imageShoulder shrug

EXPECTED:Symmetric rising.

image Forward flexion

Raise both arms forward and straight up over head.

EXPECTED:180-degree forward flexion.

image Hyperextension

Extend and stretch both arms behind back.

EXPECTED:50-degree hyperextension.

image Abduction

Lift both arms laterally and straight up over head.

EXPECTED:180-degree abduction.

image Adduction

Swing each arm across front of body.

EXPECTED:50-degree adduction.

image Internal rotation

Place both arms behind hips, elbows out.

EXPECTED:90-degree internal rotation.

image External rotation

Place both arms behind head, elbows out.

EXPECTED:90-degree external rotation.

Test shoulder girdle muscle strength

Ask patient to maintain the following positions while you apply opposing force:


image Shrugged shoulders

(This also tests cranial nerve XI.)

EXPECTED:Bilaterally symmetric with full resistance to opposition.

UNEXPECTED:Inability to produce full resistance.


Shrugged shoulders.

imageForward flexion

EXPECTED:Bilaterally symmetric with full resistance to opposition.

UNEXPECTED:Inability to produce full resistance.


EXPECTED:Bilaterally symmetric with full resistance to opposition.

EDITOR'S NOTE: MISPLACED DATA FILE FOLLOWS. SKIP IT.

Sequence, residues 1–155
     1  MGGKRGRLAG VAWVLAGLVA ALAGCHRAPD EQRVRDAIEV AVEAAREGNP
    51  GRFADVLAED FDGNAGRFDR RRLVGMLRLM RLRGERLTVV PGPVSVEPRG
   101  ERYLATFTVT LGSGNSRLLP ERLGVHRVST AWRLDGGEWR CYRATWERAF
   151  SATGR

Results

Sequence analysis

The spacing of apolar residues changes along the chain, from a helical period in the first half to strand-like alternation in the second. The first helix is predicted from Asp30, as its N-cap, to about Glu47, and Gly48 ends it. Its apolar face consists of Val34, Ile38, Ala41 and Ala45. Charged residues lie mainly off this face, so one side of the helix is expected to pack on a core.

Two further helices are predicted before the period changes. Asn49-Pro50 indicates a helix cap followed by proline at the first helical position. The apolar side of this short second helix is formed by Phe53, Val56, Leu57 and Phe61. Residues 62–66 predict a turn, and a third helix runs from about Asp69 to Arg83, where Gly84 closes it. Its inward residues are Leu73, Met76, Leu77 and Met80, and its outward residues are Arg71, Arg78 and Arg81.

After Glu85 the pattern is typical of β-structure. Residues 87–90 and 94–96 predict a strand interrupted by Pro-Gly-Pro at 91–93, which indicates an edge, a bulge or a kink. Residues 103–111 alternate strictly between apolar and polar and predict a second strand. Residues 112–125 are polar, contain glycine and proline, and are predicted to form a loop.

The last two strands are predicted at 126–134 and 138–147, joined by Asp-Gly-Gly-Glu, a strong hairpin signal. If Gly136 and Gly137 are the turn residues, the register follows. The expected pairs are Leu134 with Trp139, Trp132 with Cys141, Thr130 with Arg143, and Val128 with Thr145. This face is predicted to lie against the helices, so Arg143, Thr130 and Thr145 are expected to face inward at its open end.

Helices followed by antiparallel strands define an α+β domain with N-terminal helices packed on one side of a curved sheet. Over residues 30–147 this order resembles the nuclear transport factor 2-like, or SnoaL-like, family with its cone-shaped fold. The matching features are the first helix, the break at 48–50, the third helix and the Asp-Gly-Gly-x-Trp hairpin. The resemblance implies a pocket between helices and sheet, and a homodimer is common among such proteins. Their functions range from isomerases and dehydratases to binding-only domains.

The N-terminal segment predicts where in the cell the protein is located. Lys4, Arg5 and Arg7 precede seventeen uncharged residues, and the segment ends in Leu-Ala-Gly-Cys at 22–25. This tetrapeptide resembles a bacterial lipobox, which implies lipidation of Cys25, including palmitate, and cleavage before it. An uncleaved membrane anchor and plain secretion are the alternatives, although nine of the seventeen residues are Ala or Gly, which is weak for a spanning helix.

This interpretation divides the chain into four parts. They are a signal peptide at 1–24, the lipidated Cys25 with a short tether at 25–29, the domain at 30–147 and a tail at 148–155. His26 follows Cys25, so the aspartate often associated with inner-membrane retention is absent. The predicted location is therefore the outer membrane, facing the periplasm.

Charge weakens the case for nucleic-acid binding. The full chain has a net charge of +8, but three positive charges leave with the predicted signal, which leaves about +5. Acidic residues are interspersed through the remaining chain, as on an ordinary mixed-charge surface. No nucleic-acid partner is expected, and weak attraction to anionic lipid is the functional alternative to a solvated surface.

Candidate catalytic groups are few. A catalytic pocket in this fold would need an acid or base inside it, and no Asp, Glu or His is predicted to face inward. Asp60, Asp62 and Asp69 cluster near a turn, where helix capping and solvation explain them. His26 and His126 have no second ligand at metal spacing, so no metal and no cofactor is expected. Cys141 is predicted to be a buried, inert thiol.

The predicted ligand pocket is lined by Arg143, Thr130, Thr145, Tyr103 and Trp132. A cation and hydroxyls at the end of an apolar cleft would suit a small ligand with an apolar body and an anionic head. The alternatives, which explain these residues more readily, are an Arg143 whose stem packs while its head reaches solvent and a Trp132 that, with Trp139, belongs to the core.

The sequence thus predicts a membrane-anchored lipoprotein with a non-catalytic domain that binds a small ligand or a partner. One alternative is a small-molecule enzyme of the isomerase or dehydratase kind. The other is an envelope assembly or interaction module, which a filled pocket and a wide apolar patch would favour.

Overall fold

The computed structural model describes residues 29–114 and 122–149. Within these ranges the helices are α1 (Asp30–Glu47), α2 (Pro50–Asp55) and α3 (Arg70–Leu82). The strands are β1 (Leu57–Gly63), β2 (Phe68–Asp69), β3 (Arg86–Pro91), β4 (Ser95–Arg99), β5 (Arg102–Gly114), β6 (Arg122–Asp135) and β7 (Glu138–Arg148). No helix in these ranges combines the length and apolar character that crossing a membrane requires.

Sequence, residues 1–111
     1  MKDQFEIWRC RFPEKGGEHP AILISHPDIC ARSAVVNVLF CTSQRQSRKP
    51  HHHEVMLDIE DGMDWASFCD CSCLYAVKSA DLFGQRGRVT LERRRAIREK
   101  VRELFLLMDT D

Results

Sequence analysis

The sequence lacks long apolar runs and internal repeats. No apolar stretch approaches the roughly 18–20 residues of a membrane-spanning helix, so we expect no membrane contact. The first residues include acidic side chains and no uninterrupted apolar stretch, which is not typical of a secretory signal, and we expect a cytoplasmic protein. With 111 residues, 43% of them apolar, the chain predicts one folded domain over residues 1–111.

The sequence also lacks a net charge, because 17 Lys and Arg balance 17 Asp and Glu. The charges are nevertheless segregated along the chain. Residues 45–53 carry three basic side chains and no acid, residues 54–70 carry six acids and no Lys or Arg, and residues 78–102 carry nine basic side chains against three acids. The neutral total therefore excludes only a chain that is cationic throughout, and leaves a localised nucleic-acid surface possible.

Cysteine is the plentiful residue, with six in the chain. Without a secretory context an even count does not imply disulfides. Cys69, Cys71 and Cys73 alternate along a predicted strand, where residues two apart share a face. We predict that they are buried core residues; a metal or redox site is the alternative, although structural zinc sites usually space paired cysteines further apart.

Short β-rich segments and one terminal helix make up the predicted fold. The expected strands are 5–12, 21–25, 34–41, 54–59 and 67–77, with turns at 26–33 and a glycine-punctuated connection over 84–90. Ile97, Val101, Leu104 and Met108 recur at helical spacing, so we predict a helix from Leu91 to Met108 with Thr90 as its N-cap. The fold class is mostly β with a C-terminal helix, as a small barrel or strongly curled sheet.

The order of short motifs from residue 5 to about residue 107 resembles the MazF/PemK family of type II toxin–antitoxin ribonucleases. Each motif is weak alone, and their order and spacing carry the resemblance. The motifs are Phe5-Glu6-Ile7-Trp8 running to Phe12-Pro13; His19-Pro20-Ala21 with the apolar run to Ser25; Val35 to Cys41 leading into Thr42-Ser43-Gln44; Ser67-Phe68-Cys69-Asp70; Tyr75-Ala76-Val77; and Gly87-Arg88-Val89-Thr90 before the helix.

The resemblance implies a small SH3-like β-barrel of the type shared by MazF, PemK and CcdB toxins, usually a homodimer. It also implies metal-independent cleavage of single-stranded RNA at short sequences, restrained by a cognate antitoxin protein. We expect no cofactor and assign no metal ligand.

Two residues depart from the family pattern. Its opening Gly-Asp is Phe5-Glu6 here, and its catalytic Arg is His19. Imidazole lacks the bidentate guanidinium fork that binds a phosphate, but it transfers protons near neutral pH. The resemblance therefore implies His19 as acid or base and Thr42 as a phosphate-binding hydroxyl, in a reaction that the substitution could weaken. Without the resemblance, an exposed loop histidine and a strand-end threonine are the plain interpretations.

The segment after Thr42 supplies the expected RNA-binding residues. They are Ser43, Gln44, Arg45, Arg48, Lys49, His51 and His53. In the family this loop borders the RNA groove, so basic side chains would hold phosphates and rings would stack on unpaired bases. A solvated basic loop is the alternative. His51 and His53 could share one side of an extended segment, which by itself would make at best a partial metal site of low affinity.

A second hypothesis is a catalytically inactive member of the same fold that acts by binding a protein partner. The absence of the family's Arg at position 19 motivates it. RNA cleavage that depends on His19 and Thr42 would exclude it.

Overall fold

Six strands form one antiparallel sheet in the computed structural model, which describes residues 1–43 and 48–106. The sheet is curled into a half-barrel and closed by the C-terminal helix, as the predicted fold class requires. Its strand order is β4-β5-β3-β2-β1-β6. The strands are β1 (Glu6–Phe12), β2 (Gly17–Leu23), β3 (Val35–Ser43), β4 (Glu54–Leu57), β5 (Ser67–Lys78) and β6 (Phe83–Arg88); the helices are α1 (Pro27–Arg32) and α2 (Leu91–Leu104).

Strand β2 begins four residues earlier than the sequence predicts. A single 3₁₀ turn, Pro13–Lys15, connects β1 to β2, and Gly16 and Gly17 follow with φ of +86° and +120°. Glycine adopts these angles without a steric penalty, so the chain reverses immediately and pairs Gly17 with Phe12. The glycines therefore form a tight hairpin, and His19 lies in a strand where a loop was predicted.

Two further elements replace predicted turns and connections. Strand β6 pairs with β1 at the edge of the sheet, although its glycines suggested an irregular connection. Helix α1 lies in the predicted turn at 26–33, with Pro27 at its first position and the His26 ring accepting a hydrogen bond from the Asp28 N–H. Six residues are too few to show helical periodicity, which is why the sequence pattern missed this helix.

UNEXPECTED:Inability to produce full resistance.

Assess rotator cuff muscles

Abduct the arm 90 degrees and flex the shoulders forward 30 degrees to test the supraspinatus muscle. Apply downward pressure on the distal humerus when the arm is rotated so that thumb points down or up.

UNEXPECTED:Pain and weakness with opposing force.

Flex the elbow 90 degrees and rotate the forearm medially against resistance to test the subscapularis muscle.

UNEXPECTED:Pain and weakness with opposing force.

With the arm at the side and elbow flexed 90 degrees, rotate the arm laterally against resistance to test the infraspinatus and teres minor muscles.

UNEXPECTED:Pain and weakness with opposing force.

Evaluate the rotator cuff for impingement or a tear

Neer test: Have the patient internally rotate and forward flex the arm at the shoulder, pressing the supraspinatus muscle against the anterior inferior acromion.

UNEXPECTED:Increased shoulder pain.

imageHawkins test: Abduct the shoulder to 90 degrees, flexing the elbow to 90 degrees, and then internally rotating the arm to its limit.

UNEXPECTED:Increased shoulder pain.

image image

Assessment for rotator cuff inflammation or tear. A, Neer test. B, Hawkins test.


Palpate joint space for clicking, popping, pain

Locate temporomandibular joints with fingertips placed just anterior to tragus of each ear, as shown in figure at right. Ask patient to open mouth and allow fingertips to slip into joint space. Gently palpate.

EXPECTED:Audible or palpable snapping or clicking may be noted.

UNEXPECTED:Pain, crepitus, locking, or popping.


Palpating tempormandibular joint.

Test range of motion

Ask patient to:


imageOpen and close mouth

EXPECTED:Opens 3 to 6 cm between upper and lower teeth.

imageMove jaw laterally to each side